Editor’s note: Voices is a weekly column that provides a platform for Central New Yorkers to comment about the issues of the day. If you’d like to submit a column, email Larry Dietrich at email@example.com.
First, let me be clear: I don’t like theme months. Black History Month, Gay Pride Month and Southeast Asian Month make it too easy for people not to take seriously the challenges minority groups face and make light of their struggles by segregating attention and media coverage to that month. Or we caricature groups with gee-whiz stories about the first black firefighter or the first openly gay politician and fail to address institutional barriers and outright prejudice that hold back minority groups from equality and common decency.
But, alas, discrimination endures. People of color are stereotyped; black men disproportionately fill our prisons; and gay men and lesbians face unreasonable hurdles to safe, comfortable lives. Designating a month to focus on the accomplishments at least offers an opportunity to take stock in hopes that next year will be better.
That’s why I think it’s important to recognize March as Women’s History Month.
Yes, we’ve come a long way. But there’s still a long way to go.
“Through the grit and sacrifice of generations, American women and girls have gained greater opportunities and more representation than ever before,” President Barack Obama said last week in a presidential proclamation about Women’s History Month. “Yet they continue to face workplace discrimination, a higher risk of sexual assault and an earnings gap that will cost the average woman hundreds of thousands of dollars over the course of her working lifetime.”
Let’s start with equal pay.
According to the U.S. Census Bureau, the median annual earnings of women 15 or older who worked year-round, full time in 2012 was $37,791. The median annual earnings of men was $49,398. Women working full time, year round earn 77 cents to the dollar that men earn.
I concede this is not necessarily an apples-to-apples comparison. More women than men leave the workforce when they have children. (We’ll leave that discussion for another time.) According to the Bureau of Labor Statistics, the gap is 19 to 14 cents if calculated looking at weekly or hourly wages. I’m not an economist. But in what world is 86 cents to the dollar equal?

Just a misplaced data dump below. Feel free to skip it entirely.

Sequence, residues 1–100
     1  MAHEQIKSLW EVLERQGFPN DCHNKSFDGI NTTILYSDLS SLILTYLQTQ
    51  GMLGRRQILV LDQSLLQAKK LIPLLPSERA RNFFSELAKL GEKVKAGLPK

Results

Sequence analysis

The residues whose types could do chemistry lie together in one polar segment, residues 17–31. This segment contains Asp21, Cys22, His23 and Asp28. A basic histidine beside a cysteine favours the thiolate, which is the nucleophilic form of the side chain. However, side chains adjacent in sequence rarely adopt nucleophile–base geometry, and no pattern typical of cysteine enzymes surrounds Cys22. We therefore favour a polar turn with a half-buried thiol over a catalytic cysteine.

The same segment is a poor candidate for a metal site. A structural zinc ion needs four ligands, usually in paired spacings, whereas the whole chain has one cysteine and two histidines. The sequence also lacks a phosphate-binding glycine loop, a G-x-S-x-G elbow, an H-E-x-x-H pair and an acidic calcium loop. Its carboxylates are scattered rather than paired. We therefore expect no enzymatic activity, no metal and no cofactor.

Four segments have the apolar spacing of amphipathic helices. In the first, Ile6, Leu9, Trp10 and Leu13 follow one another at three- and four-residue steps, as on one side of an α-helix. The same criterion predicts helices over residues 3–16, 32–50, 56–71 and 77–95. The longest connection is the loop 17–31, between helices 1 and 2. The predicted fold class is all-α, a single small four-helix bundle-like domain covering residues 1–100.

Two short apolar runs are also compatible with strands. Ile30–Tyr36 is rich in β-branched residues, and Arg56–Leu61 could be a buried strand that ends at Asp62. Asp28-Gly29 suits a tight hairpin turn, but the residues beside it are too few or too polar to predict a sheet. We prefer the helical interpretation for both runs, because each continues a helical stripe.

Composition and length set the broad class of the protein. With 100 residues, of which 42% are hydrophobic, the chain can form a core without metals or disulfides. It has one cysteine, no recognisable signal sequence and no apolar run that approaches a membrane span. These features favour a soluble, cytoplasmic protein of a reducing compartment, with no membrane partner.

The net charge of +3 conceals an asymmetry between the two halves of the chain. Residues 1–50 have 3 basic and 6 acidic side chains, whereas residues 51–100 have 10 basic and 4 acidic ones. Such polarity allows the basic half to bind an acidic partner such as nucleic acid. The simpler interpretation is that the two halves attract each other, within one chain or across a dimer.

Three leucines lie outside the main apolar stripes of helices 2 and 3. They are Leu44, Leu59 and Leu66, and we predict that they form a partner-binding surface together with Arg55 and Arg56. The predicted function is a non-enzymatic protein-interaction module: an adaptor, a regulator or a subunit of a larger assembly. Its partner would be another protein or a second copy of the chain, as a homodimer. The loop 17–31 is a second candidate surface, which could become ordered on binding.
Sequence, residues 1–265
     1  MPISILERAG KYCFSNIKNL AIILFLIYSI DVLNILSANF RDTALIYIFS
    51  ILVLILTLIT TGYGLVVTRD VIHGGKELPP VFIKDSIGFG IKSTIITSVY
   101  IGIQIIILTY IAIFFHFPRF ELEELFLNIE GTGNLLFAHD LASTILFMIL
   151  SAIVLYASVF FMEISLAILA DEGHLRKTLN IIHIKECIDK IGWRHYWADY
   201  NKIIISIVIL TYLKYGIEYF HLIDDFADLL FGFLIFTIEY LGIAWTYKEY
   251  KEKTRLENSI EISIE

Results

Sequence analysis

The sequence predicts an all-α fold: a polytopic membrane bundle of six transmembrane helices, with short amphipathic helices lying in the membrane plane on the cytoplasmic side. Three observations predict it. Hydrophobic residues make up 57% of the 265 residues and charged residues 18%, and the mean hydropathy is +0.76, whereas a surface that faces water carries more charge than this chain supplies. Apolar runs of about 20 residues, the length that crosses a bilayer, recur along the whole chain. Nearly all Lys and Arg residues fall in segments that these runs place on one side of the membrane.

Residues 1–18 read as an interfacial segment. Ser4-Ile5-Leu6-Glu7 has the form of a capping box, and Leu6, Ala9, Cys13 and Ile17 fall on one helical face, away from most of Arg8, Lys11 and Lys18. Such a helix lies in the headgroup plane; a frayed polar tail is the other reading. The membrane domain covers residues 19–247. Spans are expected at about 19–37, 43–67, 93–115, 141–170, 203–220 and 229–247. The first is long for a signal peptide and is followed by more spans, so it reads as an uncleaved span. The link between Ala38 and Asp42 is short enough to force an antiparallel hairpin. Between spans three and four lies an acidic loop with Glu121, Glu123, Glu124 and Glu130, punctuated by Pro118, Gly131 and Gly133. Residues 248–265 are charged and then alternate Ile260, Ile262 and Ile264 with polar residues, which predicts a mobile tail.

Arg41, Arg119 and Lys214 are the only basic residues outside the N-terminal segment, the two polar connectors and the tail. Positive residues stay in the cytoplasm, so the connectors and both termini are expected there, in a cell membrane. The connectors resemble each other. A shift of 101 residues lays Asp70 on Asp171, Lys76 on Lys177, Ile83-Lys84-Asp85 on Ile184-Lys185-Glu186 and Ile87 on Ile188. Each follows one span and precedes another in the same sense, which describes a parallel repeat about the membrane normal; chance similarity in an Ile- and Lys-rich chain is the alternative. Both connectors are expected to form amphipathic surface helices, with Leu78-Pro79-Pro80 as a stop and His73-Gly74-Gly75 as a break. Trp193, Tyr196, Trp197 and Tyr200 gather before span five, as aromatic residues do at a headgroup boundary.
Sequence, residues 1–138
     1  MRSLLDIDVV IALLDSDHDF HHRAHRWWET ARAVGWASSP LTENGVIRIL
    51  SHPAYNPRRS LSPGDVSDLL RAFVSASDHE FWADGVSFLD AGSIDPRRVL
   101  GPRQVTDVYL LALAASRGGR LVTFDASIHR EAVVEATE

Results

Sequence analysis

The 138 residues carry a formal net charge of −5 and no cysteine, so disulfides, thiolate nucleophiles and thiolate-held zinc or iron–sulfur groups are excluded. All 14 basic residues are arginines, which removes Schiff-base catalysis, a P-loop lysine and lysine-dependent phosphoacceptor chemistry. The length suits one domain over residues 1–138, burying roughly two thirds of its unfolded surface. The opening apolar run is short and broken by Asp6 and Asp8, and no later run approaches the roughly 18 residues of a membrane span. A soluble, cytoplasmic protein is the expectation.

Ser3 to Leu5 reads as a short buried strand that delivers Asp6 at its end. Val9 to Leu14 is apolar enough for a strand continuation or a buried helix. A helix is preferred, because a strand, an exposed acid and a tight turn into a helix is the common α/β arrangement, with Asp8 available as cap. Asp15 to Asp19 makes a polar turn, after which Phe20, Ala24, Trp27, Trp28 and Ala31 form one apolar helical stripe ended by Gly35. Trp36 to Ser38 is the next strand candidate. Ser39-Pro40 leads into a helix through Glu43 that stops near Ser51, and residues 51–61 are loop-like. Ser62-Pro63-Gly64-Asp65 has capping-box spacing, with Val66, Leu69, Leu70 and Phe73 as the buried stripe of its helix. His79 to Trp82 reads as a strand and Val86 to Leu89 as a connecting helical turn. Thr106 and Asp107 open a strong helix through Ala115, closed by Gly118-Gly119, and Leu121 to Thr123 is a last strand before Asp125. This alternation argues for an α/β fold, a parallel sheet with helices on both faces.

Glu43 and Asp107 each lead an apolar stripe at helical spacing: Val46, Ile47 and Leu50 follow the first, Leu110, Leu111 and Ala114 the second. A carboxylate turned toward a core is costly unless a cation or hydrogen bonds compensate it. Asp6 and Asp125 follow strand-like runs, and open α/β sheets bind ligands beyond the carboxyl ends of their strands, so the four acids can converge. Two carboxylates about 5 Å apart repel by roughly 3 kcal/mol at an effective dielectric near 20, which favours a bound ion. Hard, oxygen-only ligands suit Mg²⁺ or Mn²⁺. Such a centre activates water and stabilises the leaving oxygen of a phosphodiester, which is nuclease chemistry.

While more women than men attend and graduate from college, the gender gap lives in the business world. In 2012, 67 percent of college graduates and 70 percent of valedictorians were women. But in 2013, only 23 women were CEOs in the Fortune 500, and women own only one in three U.S. businesses.
The news in publishing is no better. The VIDA Count 2014, an annual counting of the ratio of women writers and reviewers, as well as reviews of books written by women in major (and influential) publications, found limited progress since its first analysis in 2010. The report released last month found The New York Review of Books published 800 pieces; 636 had male bylines and 164 had female bylines. McSweeney’s came in at 76 percent male bylines; Harper’s, 74 percent male; Times Literary Supplement, 72 percent male; and The New Republic 78 percent male.
The Women’s Media Center recently released the Status of Women in the U.S. Media 2014. Among its findings:
- Newsroom staffs have remained at about 36 percent female since 1999.
- Men were quoted on the front page of The New York Times 3.4 times more than women. (More women were quoted when women wrote the story.)
- At the New York Times, the Washington Post, The Wall Street Journal and the top four syndicates, male opinion page writers outnumber women by a ratio of 4 to 1.
- White males (who are 36 percent of the U.S. population) represent 64 percent of guests on Sunday talk shows on ABC, CBS, Fox and NBC.
- Men represent 90 percent of sports editors.
- Of the top 100 films of 2012 (a year that saw women with fewer speaking roles than any year since 2007) women played 28 percent of roles with speaking parts.
Even Google, it turns outs, slights women. According to SPARK Movement, a girls’ advocacy group, of the 445 doodles published on Google homepages worldwide between 2010 and 2013 that celebrated individuals, 82 percent featured men, while 17 percent featured women. (Although it was nice to see March 1’s doodle celebrating Women’s History Month.)
I could go on, listing areas where women are not represented.
Then there are the categories in which women are over-represented: low-wage jobs, single parents, victims of intimate partner abuse. Numbers don’t tell the whole story. But in a country where women just barely outnumber the population of men, it would be nice to see gender gaps narrowing. Women’s History Month reminds us of the slow pace toward gender equality.
Renée K. Gadoua is a freelance writer and editor who lives in Manlius. Follow her on Twitter @ReneeKGadoua.